Saturday, 21 October, 2017

Passive euthanasia: SC reserves verdict, may recognise living will

SC debates on future prospect in deciding quantum of insurance compensation A Will To Die Can Be Misused, Families Treat Elderly Like Burden: Supreme Court Judge
Melissa Porter | 12 October, 2017, 01:01

On a PIL filed by NGO Common Cause, the bench is also looking into if a direction can be given to the government to adopt suitable procedures to ensure that those with deteriorating health or the terminally ill should be able to execute a living will (or advanced plan) and attorney authorisation for termination of life.

Following the petition, in March 2011, the Supreme Court in its judgement laid down guidelines to process "Passive Euthanasia" in case of incompetent persons. The court will have to resolve the question whether the right to life under Article 21 of the Constitution, which according to an earlier verdict does not include the right to die, is being voluntarily waived by a person giving such an advance directive.

A living will is made by a person in his normal state of mind that is to be executed if in the event of terminal illness he reached an irreversible vegetative state. "So, a living will can pose problems", he said. However, it does allow "passive euthanasia" where life support is withdrawn for patients in permanently vegetative state.

Narasimha further said that the the Centre had already accepted the court's Aruna Shanbaug ruling where a specific category of relatives were allowed to move the high court to seek permission for passive euthanasia, reported The Times of India. "As a medical practitioner for 45 years, I know of cases of patients in coma for years getting back to normal life", he said, asking if the choice of life or death is individualistic, can the PIL petitioner or the court decide this for others.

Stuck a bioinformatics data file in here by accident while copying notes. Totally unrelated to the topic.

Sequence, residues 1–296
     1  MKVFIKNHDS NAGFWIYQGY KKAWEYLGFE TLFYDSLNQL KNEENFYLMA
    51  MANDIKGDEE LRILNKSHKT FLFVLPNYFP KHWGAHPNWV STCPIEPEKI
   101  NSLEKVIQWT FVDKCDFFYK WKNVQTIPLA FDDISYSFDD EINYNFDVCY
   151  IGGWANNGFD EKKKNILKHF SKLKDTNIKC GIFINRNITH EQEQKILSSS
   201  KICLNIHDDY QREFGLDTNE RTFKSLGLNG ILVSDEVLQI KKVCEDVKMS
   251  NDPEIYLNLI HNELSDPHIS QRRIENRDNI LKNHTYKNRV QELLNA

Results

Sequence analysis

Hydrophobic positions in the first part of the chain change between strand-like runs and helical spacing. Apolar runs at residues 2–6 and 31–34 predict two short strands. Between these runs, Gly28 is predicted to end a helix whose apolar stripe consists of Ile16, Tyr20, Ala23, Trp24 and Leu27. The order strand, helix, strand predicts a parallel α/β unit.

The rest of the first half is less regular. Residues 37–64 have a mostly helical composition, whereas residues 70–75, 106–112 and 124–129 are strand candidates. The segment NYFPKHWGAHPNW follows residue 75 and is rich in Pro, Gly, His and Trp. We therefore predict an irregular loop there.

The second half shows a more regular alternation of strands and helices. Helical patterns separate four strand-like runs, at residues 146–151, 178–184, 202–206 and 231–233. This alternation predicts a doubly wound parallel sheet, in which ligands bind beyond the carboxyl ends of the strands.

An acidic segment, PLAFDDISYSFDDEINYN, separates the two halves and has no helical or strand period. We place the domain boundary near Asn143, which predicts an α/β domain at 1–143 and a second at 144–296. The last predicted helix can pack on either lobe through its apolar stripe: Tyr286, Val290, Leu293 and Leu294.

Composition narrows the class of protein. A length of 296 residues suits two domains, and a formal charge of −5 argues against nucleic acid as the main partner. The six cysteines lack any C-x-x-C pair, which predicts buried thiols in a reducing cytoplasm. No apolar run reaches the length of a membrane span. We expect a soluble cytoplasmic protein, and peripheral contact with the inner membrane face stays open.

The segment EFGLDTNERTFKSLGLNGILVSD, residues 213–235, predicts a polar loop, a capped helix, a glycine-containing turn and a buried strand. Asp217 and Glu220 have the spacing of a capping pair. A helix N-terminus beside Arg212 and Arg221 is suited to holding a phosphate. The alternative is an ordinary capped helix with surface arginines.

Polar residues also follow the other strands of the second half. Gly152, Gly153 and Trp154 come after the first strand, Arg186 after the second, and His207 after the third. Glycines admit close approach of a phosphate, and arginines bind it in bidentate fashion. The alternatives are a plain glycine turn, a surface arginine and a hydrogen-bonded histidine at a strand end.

Advocate Prashant Bhushan, appearing for the non-governmental organisation, Common Cause, asked the bench whether the state could tell a patient suffering from cancer that only chemotherapy or radiation could help, and that he or she should not try alternative treatment. Should the law allow "living wills"? If the right to die in such extreme cases is deemed a fundamental right, as the government's lawyers argued before the Supreme Court Constitution Bench, it should become possible to grant the same right to those who may suffer this unfortunate plight. For doctors, does it mean an abandonment of their obligation to preserve life? Such living wills may be misused, said additional solicitor general PS Narasimha.

The present case has sought the enactment of a law along the lines of the Patient Autonomy and Self-determination Act of the U.S., which allow the practice of a living will, according to LiveLaw.

The government's bill was accessed by News18.

The Centre also informed the court that it had proposed to set up medical boards at district and state levels to decide individual cases of passive euthanasia. The bill recognises the concept of living will but does not make it binding on medical practitioners and says that i can not be executed by any patient since it would be considered void.